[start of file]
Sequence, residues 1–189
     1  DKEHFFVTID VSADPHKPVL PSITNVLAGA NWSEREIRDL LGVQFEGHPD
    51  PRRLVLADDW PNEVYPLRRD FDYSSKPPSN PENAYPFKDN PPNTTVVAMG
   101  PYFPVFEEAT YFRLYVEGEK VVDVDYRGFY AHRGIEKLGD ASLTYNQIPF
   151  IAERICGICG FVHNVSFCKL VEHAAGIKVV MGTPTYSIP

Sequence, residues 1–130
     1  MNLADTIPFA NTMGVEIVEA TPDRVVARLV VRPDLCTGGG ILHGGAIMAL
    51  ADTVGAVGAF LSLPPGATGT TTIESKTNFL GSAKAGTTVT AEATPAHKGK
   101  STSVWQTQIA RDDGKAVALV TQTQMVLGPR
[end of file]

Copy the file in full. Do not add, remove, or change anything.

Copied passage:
Sequence, residues 1–189
     1  DKEHFFVTID VSADPHKPVL PSITNVLAGA NWSEREIRDL LGVQFEGHPD
    51  PRRLVLADDW PNEVYPLRRD FDYSSKPPSN PENAYPFKDN PPNTTVVAMG
   101  PYFPVFEEAT YFRLYVEGEK VVDVDYRGFY AHRGIEKLGD ASLTYNQIPF
   151  IAERICGICG FVHNVSFCKL VEHAAGIKVV MGTPTYSIP

Sequence, residues 1–130
     1  MNLADTIPFA NTMGVEIVEA TPDRVVARLV VRPDLCTGGG ILHGGAIMAL
    51  ADTVGAVGAF LSLPPGATGT TTIESKTNFL GSAKAGTTVT AEATPAHKGK
   101  STSVWQTQIA RDDGKAVALV TQTQMVLGPR